Rocio Lopez knew she wanted to pay it forward early on. Her plan after graduating from the University of Notre Dame was to join a teaching organization focused on low-income students, and to become a positive force for change in their lives. Lopez is now a senior manager at Accenture, the global professional services company, heading up the technology strategy and delivery for one of its key workforce transformation initiatives. Although she ended up on a different course, she still pursues her passion to open doors to opportunity for disadvantaged youth.
In 2016, Lopez was appointed a board member of the Cristo Rey Network in Chicago, an organization that works, in part, to help low-income students in Catholic schools gain real-world work experience. Students in the Cristo Rey Network work at companies like Accenture from their freshman through their senior years and have their tuition funded by corporate sponsors.
For Lopez, her efforts are focused on getting students interested in STEM—science, technology, engineering, and mathematics—while they intern at Accenture. This kind of work is deeply in sync with her personal values. As she likes to emphasize to the students she works with today, “Faith first, family second, and then work is third—but that doesn’t mean third is less important.”
Lopez’s own career in technology started with a sign—literally. When she was a senior in college, Lopez’s father unexpectedly went into early retirement, and Lopez, the oldest of three, wanted to help ensure her younger siblings continued with their education and graduated from college. The same day she got the news about her dad, she saw a sign on her college campus saying that Andersen Consulting, now known as Accenture, was hiring.
She started off as a programmer, developing code. She did that for five years, before Accenture globalized her function and expanded into Spain.
“I had a unique opportunity in 1998 to actually be the lead systems designer for our finance function, and I was able to move to Spain and lead delivery,” she says.
She spent nine years in Spain, leading her team and furthering her own executive development before deciding to come back home to Chicago. She was surprised by how much downtown Chicago and its technology scene had changed since she left.
“I saw a lot more people who look like me. And I say that both from a gender and ethnicity perspective,” she says. “That was a pretty significant moment for me.”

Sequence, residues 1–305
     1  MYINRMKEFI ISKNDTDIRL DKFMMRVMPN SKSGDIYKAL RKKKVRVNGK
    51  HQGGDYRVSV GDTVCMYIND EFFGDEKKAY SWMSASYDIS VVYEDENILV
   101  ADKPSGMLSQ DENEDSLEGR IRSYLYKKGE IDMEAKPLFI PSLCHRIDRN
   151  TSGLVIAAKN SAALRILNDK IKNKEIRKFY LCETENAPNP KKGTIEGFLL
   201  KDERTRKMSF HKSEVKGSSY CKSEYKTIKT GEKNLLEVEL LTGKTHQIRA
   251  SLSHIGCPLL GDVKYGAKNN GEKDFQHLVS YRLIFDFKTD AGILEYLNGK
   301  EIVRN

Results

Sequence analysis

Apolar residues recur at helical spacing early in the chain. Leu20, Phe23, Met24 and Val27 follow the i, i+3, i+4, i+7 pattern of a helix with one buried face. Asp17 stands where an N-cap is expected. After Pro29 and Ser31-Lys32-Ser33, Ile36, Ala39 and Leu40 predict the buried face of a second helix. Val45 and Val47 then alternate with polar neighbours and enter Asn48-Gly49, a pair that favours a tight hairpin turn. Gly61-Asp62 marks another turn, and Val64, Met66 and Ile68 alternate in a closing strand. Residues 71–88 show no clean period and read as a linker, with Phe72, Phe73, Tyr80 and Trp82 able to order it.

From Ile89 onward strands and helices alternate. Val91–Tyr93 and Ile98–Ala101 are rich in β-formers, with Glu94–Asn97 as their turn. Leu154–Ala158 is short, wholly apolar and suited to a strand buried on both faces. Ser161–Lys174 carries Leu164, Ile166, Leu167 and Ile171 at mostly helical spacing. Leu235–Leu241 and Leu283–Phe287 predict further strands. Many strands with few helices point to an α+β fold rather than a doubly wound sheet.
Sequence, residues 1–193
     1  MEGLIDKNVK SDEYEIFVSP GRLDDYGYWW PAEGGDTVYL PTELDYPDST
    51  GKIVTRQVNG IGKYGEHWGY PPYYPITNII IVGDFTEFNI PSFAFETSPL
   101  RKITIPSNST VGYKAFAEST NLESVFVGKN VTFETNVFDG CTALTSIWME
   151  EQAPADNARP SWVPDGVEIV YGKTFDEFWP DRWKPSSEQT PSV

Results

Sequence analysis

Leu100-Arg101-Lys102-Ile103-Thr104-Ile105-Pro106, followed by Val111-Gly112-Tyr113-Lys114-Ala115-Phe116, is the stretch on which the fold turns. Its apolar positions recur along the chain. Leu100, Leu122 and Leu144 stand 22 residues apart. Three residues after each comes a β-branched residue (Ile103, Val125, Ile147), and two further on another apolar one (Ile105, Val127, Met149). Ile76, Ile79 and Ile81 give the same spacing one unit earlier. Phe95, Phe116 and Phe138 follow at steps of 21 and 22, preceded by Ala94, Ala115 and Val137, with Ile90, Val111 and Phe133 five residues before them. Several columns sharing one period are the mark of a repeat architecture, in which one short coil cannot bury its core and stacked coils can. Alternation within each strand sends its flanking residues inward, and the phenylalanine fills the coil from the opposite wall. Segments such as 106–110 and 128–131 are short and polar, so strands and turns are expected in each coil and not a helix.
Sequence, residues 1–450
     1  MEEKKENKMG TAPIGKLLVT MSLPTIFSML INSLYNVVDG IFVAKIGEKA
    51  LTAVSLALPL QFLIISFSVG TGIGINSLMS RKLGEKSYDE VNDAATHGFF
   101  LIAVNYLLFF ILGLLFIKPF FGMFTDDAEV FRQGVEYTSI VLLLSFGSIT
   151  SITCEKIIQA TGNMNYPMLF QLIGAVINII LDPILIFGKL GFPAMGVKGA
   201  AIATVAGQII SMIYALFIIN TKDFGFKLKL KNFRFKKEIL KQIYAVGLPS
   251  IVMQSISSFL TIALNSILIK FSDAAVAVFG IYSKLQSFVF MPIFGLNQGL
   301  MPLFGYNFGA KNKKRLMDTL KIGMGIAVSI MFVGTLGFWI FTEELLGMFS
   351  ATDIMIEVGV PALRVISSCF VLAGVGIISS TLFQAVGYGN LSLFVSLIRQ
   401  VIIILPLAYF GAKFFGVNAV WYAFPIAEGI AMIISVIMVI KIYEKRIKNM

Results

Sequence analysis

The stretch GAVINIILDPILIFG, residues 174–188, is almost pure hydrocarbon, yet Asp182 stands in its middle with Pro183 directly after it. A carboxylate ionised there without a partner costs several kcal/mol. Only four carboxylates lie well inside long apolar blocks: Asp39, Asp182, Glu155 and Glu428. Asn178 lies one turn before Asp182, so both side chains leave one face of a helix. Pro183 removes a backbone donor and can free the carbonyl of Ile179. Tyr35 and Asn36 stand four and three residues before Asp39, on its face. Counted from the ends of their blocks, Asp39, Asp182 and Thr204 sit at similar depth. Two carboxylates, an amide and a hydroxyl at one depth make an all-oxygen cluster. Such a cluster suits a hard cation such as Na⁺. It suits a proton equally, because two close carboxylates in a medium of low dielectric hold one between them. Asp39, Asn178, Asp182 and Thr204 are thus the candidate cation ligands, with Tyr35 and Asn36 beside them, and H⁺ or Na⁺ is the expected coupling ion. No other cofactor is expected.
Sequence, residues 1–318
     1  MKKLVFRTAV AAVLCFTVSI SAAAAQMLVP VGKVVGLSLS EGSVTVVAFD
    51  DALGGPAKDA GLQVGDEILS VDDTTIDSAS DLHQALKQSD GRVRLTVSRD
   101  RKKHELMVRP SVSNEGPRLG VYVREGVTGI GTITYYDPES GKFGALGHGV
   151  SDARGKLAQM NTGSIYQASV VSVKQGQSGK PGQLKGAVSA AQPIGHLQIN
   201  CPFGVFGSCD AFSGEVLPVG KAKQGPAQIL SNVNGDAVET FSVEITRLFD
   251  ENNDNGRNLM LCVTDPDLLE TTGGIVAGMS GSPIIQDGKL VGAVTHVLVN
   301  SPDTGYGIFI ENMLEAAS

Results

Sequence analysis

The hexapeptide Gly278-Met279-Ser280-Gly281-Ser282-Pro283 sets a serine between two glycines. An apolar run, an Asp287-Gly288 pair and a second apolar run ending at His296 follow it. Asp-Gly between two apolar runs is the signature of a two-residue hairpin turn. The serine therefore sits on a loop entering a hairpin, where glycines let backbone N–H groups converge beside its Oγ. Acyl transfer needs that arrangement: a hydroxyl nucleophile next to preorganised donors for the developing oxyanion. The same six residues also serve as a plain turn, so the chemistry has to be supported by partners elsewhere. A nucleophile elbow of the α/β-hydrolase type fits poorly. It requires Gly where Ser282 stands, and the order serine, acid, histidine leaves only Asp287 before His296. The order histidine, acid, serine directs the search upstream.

She realized she needed to reestablish her network after being away for so long, and she still had a strong desire to give back to the community.
Fortunately, she was already working with the right company. Increasing skills and paying it forward “is a lot of what our DNA’s about,” she says of Accenture. Through Accenture, she started to work with the Hispanic IT Executive Council (HITEC), where she met a Cristo Rey Network executive who invited her to speak with students.
Lopez soon realized she wanted to get more involved with Cristo Rey. She found the organization’s values to be in line with her own, and did not hesitate when she was invited to become a board member.
“It was one of those ‘Yes’ moments for me because it all came together—my love for technology, it was a Catholic school, and then it was youth within my own community—the three things just kind of played together,” she says.
Lopez had the idea to provide internships specifically in technology-focused roles at Accenture for Cristo Rey’s students. In the company’s Chicago office, there are currently eight students working on tech-focused projects ranging from coding to researching robotics. There are also teams of Cristo Rey students at Accenture in Baltimore and New York City, and plans for expansion into the company’s Atlanta, Detroit, and San Jose locations.
“What we’ve accomplished in Chicago set us up for a strategic longer-term journey with Cristo Rey across the US. It’s about getting these young people on the path to sustainable careers—and in doing so, we’re teaming together to build a strong pipeline of diverse tech talent.”
When asked about the challenges of working with low-income Hispanic students and encouraging them to work in technology, Lopez cited their familial backgrounds. She stressed the importance of educating both students and their families on what it means to have a career in technology, and how it’s about the longer-term impact.
“It’s got to be focused on both,” Lopez says, “and there must be the inspiration, education, and constant reinforcement.”